Founder, president of Monuments Men Foundation speaks at Tate Lecture Series

The Tate Lecture Series presented its second speaker of the 2015-2016 season: SMU alumnus, Robert Edsel on Tuesday, Oct. 20.

Edsel is the founder and president of the Monuments Men Foundation for the Preservation of Art. This foundation aims to honor “the legacy of the men and women who served in the Monuments, Fine Arts and Archives section, known as the ‘Monuments Men,’ and their unprecedented and heroic work protecting and safeguarding civilization’s most important artistic and cultural treasures from armed conflict during World War II.”

Not only is Edsel the founder of the Monuments Men Foundation, but he is a bestselling author of three books about the recovery and preservation of World War II art, one of which was turned into a movie directed by and starring George Clooney. According to Edsel, his work includes “years of service dedicated to World War II veterans who volunteered to save World War II art from the Nazis.”

Edsel began his speech by asking all of the veterans in the audience to stand up and be recognized for their service, to which the audience responded with bursting applause.

Edsel recalled how he began the foundation after working in the oil and gas business for years. While traveling in 2002, he found himself asking questions about how World War II art was saved and recovered.

In 2007, Edsel created the Monuments Men Foundation for the Preservation of Art, which was established on the 63rd anniversary of D-Day. The foundation was “in a race against time from the onset,” due to the age of the veterans they were trying to track down, hear stories from, and honor, Edsel said.

These veterans “protected cultural treasures from armed forces,” Edsel said, and dedicated their lives to safeguarding artistic treasures. Due to these 354 men and woman who put their lives in jeopardy, millions of works of arts were saved.

“We want to preserve and utilize their legacy,” Edsel said.

In his speech, Edsel not only highlighted the veterans that he and his foundation found and recorded the stories of, but he also discussed works of art that the team recovered and were able to return back to the families and museums that rightfully owned them. Such works included sculptures, paintings and works of writing, including eight books more than 500 years old. Yet Edsel asserted that “the most exciting discoveries were the people discoveries.”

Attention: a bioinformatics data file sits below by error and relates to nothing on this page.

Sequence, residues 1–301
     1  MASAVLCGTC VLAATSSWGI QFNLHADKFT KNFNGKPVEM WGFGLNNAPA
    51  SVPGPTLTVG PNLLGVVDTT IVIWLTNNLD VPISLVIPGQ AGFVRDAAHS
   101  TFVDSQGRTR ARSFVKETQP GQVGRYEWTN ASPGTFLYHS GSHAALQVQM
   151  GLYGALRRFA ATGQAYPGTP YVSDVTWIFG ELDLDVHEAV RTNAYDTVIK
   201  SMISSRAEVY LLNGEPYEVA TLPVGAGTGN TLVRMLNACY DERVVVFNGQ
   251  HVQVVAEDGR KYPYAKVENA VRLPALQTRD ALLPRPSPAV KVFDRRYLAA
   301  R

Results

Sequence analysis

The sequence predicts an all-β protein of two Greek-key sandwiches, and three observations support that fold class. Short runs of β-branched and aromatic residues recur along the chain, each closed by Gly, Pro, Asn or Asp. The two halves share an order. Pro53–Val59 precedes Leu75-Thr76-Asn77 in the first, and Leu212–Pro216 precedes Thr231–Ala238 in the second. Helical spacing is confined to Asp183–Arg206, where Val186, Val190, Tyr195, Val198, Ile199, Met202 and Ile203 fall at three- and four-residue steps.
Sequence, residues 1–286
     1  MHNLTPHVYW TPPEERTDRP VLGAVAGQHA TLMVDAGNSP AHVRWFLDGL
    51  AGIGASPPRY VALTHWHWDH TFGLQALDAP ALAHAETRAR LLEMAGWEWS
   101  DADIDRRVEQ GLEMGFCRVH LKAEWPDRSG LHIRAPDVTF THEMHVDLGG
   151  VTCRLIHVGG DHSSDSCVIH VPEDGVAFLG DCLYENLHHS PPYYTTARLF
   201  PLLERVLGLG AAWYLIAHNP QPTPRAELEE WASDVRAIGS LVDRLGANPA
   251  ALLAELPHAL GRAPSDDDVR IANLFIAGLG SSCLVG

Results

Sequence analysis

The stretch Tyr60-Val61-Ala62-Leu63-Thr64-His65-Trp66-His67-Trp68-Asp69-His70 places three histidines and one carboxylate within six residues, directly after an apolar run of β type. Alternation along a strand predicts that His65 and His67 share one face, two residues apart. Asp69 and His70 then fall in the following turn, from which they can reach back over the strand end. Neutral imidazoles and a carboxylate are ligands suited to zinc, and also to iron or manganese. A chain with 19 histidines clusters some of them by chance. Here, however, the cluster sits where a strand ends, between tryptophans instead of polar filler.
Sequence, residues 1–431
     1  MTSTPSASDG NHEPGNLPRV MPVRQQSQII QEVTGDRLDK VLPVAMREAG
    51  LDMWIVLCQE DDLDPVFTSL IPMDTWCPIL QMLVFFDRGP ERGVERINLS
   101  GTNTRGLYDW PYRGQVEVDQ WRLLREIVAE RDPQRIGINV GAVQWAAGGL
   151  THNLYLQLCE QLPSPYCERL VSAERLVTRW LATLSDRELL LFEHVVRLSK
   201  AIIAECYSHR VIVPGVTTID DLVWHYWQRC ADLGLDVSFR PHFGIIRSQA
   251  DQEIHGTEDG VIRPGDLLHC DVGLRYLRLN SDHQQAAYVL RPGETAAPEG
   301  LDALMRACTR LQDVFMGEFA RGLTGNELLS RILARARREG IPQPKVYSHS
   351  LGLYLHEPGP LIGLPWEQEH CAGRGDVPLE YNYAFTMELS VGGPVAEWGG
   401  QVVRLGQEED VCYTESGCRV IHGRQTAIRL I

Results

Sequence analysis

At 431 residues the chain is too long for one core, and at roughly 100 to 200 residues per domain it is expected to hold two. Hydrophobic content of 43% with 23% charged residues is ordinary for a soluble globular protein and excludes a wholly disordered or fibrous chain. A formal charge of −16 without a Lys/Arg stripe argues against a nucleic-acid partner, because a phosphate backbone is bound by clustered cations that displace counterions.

In 2010 and 2011, the work of the foundation, according to Edsel, was not finished. Still aiming to spread awareness about the Monuments Men around the globe, he and his coworkers looked to bigger outlets to share their message and the stories of these men and women.

This led to the creation of the film “The Monuments Men.” The film, with an all-star cast of George Clooney, Matt Damon, Bill Murray and Kate Blanchet, premiered in more than 100 countries and was translated into more than 30 languages. The film helped spread the importance and bravery of the Monuments Men around the globe.

Numerous historical and governmental groups have recognized Edsel and his foundation, and he continues to speak at universities, high schools and to the general public in an effort to spread awareness about and share the importance of the Monuments Men.

Edsel continues to work with museums and veterans, and plans to continue writing about these men and women and his experience with the organization The foundation is being awarded the Congressional Gold Medal in Washington, D.C. Thursday, Oct. 22. This is the highest civilian honor bestowed by the United States, and coverage of the ceremony will be featured on

Unfortunately, due to a lack of funding, the foundation will be closing at the end of the month after receiving the Congressional Gold Medal Award. On Tuesday, Edsel apologized to the men and women of the Monuments Men Foundation for the work that he was unable to finish. However, the legacy of the Monuments Men will continue through Edsel and his independent work, along with the stories of the veterans who bravely rescued such incredible pieces of history.

Edsel, choking up while closing his speech, recounted how this 15-year journey happened so quickly, urging the audience to recognize the importance of “living a life of meaningfulness.”

Edsel ended the night by saying that he is “truly the luckiest man on the face of this earth for knowing these men and women,” and for being given “the chance to do something that I love that has perhaps made the world a little better.”

The Tate Lecture Series continues on Tuesday, Dec. 1, with speaker Ken Burns. For more information on upcoming speakers and ticket sales, visit

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